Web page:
The total farm community should be involved in the safety plan, and not just during safety week. Accidents are not only involved with machinery, but also come with careless use of chemicals and fertilizers, and the seeming fun times when the farm family is out enjoying themselves. Recreation is an important part in everyone's life; make it safe for everyone.


July 15, 1993

"I know all about growing up in tough times," related Arthur Carlson. "Father died in 1897; I was 9 years old. After the funeral, we came home and mother took stock of things. She found that not only did we have nothing to eat in the house, but she knew of no way to get anything to eat. I was one of the older children. She told me I would have to strike out for myself. And so out into the world I went.

"My first job was for a farmer, herding pigs and cows. He promised room and board and to pay me at the end of the year what he thought my services were worth. I looked forward with great expectation to the end of the year for I had worked hard and faithfully. I did a good deal of speculating on how much money I would receive. At the end of the year I attracted his attention to the fact my year's wages were due. He paid me 90 cents. To get less than 10 cents a month was disconcerting for such a young lad and so I resigned.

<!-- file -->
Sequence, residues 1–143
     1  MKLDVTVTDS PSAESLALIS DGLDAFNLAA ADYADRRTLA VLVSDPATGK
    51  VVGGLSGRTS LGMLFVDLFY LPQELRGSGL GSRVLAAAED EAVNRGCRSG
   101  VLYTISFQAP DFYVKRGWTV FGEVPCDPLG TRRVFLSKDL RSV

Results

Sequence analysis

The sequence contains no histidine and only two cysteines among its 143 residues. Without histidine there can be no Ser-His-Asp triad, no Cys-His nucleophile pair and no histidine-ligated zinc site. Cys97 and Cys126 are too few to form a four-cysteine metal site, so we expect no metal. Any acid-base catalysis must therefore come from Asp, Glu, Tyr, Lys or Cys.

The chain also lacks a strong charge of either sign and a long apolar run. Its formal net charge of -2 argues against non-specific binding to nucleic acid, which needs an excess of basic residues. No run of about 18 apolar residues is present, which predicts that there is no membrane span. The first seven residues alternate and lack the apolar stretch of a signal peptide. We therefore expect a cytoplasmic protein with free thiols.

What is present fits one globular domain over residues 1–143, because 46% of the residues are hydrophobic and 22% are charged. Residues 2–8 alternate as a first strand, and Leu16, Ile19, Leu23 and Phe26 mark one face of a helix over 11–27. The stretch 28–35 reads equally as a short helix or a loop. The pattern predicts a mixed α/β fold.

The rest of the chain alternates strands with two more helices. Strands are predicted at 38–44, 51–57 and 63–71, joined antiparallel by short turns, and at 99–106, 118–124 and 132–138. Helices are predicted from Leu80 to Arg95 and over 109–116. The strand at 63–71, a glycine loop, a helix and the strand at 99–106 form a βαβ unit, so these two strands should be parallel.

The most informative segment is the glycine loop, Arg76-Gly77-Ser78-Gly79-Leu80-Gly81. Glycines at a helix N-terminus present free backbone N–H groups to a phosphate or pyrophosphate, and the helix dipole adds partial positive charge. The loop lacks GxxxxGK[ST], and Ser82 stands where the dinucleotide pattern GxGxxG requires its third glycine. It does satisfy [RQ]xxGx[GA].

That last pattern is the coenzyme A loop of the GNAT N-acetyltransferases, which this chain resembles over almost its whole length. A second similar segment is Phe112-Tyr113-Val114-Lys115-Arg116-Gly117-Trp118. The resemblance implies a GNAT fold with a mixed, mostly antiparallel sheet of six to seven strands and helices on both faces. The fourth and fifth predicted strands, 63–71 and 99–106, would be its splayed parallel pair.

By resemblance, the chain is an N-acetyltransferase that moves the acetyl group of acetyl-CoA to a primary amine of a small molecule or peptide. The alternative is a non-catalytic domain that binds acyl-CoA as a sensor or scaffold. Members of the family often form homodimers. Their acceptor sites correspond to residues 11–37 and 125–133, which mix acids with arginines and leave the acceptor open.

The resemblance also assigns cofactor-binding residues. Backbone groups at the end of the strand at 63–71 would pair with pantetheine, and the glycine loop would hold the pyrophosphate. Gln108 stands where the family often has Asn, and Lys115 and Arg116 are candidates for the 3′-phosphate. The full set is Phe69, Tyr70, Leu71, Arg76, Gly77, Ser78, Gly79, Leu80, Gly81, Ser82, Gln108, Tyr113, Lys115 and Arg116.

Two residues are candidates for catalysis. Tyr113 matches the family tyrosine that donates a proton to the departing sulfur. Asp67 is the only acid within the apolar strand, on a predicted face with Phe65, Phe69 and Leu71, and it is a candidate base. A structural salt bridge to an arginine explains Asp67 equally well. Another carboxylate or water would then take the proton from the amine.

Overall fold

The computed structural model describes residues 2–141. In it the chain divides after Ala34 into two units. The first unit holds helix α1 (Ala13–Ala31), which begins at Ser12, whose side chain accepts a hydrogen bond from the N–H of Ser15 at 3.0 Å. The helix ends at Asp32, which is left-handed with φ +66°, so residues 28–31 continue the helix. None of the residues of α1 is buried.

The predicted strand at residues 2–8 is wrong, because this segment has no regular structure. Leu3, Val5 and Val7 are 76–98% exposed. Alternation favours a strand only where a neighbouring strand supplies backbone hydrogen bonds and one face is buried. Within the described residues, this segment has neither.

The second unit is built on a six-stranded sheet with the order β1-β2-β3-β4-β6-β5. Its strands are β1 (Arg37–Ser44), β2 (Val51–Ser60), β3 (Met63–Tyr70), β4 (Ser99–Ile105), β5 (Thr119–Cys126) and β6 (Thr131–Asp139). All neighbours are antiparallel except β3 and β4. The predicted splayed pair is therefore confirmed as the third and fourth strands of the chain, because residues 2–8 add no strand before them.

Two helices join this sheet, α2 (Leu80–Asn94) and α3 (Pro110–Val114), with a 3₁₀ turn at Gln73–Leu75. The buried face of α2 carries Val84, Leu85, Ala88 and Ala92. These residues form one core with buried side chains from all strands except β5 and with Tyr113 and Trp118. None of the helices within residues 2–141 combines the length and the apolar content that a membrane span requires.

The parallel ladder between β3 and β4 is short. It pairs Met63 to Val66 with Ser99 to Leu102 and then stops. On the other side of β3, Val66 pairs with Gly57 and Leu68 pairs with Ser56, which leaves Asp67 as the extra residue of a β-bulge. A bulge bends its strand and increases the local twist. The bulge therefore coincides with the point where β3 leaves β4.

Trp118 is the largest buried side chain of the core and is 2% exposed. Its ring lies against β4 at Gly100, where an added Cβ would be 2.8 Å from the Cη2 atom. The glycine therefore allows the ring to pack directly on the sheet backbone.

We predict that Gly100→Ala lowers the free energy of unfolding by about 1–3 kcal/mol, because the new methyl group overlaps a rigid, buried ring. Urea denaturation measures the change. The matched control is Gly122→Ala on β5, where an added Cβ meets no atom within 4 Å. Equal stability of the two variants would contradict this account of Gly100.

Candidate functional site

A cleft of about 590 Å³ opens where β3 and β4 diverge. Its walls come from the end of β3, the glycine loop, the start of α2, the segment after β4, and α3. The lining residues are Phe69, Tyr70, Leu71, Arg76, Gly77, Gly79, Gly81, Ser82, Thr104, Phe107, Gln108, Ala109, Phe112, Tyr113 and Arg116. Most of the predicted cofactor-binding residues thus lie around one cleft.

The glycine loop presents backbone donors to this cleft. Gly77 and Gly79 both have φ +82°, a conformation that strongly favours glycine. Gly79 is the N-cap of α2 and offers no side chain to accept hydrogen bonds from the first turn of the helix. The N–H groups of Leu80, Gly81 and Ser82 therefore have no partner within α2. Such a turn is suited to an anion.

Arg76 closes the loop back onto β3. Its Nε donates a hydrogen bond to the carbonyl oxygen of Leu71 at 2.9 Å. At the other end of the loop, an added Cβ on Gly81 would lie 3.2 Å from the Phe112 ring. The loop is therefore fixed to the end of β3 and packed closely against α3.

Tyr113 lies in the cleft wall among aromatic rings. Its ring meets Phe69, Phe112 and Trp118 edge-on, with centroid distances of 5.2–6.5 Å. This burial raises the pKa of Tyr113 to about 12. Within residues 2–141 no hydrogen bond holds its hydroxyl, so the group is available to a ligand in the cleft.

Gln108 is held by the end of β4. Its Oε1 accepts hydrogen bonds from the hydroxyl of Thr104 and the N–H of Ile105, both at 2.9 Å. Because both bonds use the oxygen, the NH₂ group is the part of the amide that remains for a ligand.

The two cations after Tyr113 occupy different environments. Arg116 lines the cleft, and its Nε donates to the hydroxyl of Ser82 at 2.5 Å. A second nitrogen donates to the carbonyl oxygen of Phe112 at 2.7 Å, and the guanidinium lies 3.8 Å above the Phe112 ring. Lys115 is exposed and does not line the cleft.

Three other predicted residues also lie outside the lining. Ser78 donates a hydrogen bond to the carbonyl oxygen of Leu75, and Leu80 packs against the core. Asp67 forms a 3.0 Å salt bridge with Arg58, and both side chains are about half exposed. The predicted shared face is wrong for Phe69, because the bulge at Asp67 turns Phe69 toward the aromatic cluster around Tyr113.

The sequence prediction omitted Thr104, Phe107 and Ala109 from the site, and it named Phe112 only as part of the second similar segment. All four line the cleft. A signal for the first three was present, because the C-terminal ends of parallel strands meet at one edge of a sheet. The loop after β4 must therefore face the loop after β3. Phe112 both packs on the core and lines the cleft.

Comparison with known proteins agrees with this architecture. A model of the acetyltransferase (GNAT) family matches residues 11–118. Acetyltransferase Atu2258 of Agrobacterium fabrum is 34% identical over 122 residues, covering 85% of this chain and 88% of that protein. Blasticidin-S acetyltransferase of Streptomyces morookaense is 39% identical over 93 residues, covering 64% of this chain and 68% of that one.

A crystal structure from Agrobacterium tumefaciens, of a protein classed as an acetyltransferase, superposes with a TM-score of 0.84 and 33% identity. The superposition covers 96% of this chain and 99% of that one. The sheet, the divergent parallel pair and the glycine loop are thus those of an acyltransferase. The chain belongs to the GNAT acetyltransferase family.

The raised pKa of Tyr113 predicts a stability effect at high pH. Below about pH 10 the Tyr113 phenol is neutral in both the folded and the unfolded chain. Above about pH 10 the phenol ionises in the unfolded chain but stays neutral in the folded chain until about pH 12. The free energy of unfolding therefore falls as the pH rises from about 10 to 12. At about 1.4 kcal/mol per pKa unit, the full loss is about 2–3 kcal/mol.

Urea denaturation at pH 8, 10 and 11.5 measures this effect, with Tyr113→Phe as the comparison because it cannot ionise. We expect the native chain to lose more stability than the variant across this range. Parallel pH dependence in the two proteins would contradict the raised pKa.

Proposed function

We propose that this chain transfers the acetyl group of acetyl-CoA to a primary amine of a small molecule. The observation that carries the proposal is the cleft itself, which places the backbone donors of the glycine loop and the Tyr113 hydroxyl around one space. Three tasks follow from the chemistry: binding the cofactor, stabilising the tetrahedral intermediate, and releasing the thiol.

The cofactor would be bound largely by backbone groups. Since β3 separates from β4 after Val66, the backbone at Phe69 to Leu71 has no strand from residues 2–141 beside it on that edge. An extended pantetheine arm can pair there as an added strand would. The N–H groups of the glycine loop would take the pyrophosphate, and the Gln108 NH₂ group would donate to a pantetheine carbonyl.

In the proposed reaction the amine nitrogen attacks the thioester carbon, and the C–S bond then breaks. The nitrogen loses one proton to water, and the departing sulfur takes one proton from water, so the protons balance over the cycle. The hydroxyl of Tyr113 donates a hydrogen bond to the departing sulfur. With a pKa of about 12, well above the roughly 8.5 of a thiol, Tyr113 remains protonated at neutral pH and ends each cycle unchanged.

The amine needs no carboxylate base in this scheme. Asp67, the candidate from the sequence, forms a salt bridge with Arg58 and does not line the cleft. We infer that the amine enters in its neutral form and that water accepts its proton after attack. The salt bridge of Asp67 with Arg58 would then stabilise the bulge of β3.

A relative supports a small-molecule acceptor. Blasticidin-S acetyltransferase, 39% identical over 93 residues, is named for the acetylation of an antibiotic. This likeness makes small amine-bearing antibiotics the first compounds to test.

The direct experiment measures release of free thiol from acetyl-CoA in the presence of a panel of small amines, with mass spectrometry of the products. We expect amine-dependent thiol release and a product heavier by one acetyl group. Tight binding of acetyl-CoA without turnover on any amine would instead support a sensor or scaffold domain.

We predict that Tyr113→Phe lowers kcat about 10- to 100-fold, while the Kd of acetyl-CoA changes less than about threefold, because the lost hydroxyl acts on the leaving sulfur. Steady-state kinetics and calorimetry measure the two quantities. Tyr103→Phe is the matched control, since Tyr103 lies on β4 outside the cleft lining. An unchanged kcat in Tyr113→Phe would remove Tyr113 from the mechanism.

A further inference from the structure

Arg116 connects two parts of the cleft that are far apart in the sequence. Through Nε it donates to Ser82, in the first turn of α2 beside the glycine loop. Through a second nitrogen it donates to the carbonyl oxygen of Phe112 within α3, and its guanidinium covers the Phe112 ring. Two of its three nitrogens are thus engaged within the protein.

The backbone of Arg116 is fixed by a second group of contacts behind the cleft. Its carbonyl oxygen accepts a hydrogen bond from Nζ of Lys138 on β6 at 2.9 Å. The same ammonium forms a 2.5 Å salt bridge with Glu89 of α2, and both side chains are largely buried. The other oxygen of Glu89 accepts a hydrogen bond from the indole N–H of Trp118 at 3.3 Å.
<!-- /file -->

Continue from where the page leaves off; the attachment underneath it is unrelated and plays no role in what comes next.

"By then my older brother, who was 13, had gone West and he encouraged me to follow him. I did and discovered not only the land of fulfillment, for I immediately landed a job with a printer for which I was paid $3 a week.

"After three years on the job I went to the boss and asked for a raise but he told me, I can get plenty of boys to work at $3. Why should I pay for more?

"I tried logic, telling him, after three years' experience I should certainly be worth more than a boy fresh off the street. He wanted to know what I thought I was worth and I said, "I am worth more than $4.50 a week, but I'll work for that much.' He said he would think about it but that's as far as he got so I quit.

"It all turned out for the best, because I soon found another job in the printing business that paid $9 a week. I saved my money and soon was able to purchase railroad tickets and send for mother and my brothers and sister. They joined me in this land of plenty." – Rick Steber, Oregon Country.